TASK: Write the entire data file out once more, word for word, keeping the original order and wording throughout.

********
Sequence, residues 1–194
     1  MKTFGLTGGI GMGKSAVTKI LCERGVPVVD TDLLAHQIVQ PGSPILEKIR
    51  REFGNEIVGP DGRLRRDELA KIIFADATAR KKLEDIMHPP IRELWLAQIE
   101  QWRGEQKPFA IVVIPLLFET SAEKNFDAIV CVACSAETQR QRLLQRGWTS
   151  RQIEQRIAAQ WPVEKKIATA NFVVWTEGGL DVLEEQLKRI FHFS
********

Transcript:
Sequence, residues 1–194
     1  MKTFGLTGGI GMGKSAVTKI LCERGVPVVD TDLLAHQIVQ PGSPILEKIR
    51  REFGNEIVGP DGRLRRDELA KIIFADATAR KKLEDIMHPP IRELWLAQIE
   101  QWRGEQKPFA IVVIPLLFET SAEKNFDAIV CVACSAETQR QRLLQRGWTS
   151  RQIEQRIAAQ WPVEKKIATA NFVVWTEGGL DVLEEQLKRI FHFS